The money manager, on 11 criminal charges, faces a maximum penalty of 150 years in prison.
Lawyer says Madoff to plead guilty
NEW YORK // Investors who were cheated of their savings may feel some vindication today when Bernard Madoff pleads guilty in court after committing one of the largest financial frauds in history. Mr Madoff's lawyer said he would enter the guilty plea after prosecutors revealed on Tuesday an expanded list of 11 criminal charges, including securities fraud and money laundering, that could put the 70-year-old money manager behind bars for the rest of his life.
"The charges reflect an extraordinary array of crimes committed by Bernard Madoff for over 20 years," said Lev Dassin, the acting US attorney in Manhattan. "While the alleged crimes are not novel, the size and scope of Mr Madoff's fraud are unprecedented." Mr Madoff is accused of running a US$64.8 billion (Dh238.01bn) Ponzi or pyramid scheme, in which returns were paid by subsequent investors rather than from profits. Prosecutors raised the size of the fraud from $50bn during Tuesday's hearing.
High-profile investors included many Jewish charities and a host of global financial institutions. As the scope of the alleged fraud unfolded, Mr Madoff quickly became a symbol of greed on Wall Street, which many Americans blame for the worst economic crisis for 50 years. In a New York court on Tuesday, Ira Sorkin, Mr Madoff's lawyer, was asked by Denny Chin, a US district judge, if the money manager would plead guilty to all 11 counts.
"I think that's a fair representation," Mr Sorkin replied. An assistant US attorney said there had been no plea deal, in which a defendant agrees to co-operate and pleads guilty to fewer charges in exchange for a reduced sentence. That would mean Mr Madoff could face a maximum penalty of 150 years. The judge said he would sentence him in the next few months. Mr Madoff, a former chairman of the NASDAQ Stock Exchange, has been under house arrest at his $7 million apartment in Manhattan's Upper East Side since his detention in early December.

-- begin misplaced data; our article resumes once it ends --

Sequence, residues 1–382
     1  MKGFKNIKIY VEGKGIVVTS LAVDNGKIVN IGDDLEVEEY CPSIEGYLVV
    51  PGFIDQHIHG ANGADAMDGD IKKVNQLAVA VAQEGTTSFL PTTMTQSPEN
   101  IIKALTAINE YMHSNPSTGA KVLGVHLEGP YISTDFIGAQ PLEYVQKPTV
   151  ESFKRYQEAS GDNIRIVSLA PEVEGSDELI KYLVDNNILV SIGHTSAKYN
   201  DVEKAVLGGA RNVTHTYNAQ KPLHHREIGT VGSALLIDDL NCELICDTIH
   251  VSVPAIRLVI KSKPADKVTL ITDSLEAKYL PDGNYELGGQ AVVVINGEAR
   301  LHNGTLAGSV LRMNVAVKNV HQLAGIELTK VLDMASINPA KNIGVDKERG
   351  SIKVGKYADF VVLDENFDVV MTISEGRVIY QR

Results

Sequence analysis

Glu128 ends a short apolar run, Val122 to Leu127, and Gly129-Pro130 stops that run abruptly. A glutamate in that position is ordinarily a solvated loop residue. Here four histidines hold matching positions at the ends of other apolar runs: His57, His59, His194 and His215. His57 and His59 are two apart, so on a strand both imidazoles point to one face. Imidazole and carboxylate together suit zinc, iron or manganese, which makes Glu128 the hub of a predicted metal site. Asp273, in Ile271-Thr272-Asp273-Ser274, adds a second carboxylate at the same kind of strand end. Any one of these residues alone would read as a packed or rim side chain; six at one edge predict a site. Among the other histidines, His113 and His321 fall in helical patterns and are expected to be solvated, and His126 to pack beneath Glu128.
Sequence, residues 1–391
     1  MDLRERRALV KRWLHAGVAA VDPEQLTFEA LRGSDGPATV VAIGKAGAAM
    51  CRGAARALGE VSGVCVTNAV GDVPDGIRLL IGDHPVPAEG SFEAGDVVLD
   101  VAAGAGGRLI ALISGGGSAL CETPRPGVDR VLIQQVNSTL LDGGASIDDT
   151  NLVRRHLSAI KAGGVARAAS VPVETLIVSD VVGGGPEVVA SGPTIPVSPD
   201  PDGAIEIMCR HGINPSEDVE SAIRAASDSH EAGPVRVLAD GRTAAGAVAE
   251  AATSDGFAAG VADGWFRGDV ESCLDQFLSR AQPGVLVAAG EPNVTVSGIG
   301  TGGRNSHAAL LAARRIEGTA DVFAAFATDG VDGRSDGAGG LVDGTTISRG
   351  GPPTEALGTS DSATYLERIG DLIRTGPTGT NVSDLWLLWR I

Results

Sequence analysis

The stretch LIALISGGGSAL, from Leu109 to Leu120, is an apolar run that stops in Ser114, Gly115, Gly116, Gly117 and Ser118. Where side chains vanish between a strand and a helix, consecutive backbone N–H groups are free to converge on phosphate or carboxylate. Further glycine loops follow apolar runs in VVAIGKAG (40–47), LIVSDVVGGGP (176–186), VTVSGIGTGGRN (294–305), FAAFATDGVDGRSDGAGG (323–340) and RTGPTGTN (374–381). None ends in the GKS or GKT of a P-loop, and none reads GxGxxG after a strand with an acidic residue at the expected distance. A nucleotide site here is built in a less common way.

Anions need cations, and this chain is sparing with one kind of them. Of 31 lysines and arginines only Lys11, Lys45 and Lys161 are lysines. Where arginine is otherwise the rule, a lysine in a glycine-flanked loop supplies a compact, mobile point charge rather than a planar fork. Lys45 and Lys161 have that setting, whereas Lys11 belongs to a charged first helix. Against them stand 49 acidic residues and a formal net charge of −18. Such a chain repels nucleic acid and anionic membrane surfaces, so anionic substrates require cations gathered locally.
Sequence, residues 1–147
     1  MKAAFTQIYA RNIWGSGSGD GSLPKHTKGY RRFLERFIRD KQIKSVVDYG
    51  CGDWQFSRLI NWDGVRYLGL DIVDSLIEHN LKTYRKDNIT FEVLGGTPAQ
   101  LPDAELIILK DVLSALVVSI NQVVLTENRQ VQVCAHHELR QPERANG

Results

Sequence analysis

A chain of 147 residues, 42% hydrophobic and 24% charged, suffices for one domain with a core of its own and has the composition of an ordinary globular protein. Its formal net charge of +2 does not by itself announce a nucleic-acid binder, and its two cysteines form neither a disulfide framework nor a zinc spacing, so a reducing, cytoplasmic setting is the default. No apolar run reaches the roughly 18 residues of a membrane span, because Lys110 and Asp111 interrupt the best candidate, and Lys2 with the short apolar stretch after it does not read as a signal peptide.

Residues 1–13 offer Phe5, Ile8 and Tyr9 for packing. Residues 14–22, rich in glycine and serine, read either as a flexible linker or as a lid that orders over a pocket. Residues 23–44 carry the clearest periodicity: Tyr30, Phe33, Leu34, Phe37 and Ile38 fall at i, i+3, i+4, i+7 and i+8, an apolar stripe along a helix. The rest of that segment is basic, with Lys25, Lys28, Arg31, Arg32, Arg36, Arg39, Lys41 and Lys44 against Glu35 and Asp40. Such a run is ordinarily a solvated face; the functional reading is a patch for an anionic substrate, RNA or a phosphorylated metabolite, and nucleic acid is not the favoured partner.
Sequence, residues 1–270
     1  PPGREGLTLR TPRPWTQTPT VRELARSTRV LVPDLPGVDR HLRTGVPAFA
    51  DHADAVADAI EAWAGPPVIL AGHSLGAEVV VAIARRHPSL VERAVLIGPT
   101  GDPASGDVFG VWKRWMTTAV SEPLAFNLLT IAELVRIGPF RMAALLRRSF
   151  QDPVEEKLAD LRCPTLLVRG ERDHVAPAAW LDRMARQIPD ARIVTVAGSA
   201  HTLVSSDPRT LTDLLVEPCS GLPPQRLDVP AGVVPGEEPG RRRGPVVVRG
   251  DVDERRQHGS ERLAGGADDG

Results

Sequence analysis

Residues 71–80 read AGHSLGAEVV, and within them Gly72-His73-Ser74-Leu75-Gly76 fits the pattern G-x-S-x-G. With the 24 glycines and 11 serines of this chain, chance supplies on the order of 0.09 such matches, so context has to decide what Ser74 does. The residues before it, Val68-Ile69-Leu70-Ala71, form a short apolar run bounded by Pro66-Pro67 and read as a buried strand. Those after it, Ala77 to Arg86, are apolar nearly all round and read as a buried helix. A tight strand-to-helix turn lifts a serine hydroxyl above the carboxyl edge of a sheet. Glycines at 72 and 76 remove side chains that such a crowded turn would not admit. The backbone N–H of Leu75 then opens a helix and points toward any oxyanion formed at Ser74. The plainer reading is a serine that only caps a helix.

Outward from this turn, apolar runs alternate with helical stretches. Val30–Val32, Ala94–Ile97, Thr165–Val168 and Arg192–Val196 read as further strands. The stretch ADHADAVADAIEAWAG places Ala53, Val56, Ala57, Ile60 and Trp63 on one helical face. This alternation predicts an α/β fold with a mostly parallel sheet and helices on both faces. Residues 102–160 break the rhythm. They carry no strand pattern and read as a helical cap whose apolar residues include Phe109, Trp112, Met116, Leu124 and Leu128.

About 25 angry investors have asked to speak at his court hearing today when prosecutors may ask the judge to send Mr Madoff to prison until he is sentenced. He wore a bulletproof vest in court on Tuesday, when the judge said he would limit hearings to those who wanted to speak on the issue of whether he should remain on bail. "There is no plea bargain here," said Mr Chin. "Those victims who objected to a plea bargain no longer have a reason to object."
Prosecutors said Mr Madoff had about 4,800 clients as of Nov 30 last year, and he issued statements reporting the client accounts held a total balance of about $64.8bn. But, they said, Mr Madoff's company actually "held only a small fraction" of that balance for clients. The court papers said the alleged fraud lasted from at least the 1980s until the business collapsed last year, one of many casualties in the credit crunch, including the previously venerable Lehman Brothers and Bear Stearns.
Mr Madoff hired numerous employees "with little or no prior pertinent training or experience in the securities industry", according to court documents. No one else has been charged in the case, so far. Mr Madoff also faces mandatory restitution to victims and criminal fines. The government wants him to forfeit all money and property that can be traced back to the alleged fraud, estimated at more than $170.8bn, although prosecutors did not explain how they reached this figure.
A court will also rule on Mr Madoff's claim that his wife should be allowed to keep up to $70m worth of assets held in her name. In court on Tuesday, Mr Madoff waived any potential conflicts of interest concerning Mr Sorkin, his lawyer. The Sorkin family used to have investments with Mr Madoff. And the lawyer once represented two accountants linked to Mr Madoff in a securities action. firstname.lastname@example.org